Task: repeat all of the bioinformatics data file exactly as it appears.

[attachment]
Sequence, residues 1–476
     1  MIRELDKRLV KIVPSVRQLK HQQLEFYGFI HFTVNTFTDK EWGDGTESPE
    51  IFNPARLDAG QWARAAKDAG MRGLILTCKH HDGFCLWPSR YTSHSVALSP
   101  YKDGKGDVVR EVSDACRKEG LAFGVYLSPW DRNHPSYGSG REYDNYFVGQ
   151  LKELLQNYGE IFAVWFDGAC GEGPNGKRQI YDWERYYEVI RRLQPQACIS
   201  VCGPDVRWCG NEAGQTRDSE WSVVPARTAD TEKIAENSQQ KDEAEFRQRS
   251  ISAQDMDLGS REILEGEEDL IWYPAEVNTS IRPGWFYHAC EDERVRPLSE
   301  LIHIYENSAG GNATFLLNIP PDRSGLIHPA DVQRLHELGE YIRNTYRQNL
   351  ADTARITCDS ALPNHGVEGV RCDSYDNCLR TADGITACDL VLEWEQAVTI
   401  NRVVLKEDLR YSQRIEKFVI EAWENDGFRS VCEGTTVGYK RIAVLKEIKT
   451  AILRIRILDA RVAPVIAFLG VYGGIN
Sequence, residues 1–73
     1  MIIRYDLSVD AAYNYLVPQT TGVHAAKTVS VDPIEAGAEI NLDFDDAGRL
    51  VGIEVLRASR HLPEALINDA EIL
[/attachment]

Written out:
Sequence, residues 1–476
     1  MIRELDKRLV KIVPSVRQLK HQQLEFYGFI HFTVNTFTDK EWGDGTESPE
    51  IFNPARLDAG QWARAAKDAG MRGLILTCKH HDGFCLWPSR YTSHSVALSP
   101  YKDGKGDVVR EVSDACRKEG LAFGVYLSPW DRNHPSYGSG REYDNYFVGQ
   151  LKELLQNYGE IFAVWFDGAC GEGPNGKRQI YDWERYYEVI RRLQPQACIS
   201  VCGPDVRWCG NEAGQTRDSE WSVVPARTAD TEKIAENSQQ KDEAEFRQRS
   251  ISAQDMDLGS REILEGEEDL IWYPAEVNTS IRPGWFYHAC EDERVRPLSE
   301  LIHIYENSAG GNATFLLNIP PDRSGLIHPA DVQRLHELGE YIRNTYRQNL
   351  ADTARITCDS ALPNHGVEGV RCDSYDNCLR TADGITACDL VLEWEQAVTI
   401  NRVVLKEDLR YSQRIEKFVI EAWENDGFRS VCEGTTVGYK RIAVLKEIKT
   451  AILRIRILDA RVAPVIAFLG VYGGIN
Sequence, residues 1–73
     1  MIIRYDLSVD AAYNYLVPQT TGVHAAKTVS VDPIEAGAEI NLDFDDAGRL
    51  VGIEVLRASR HLPEALINDA EIL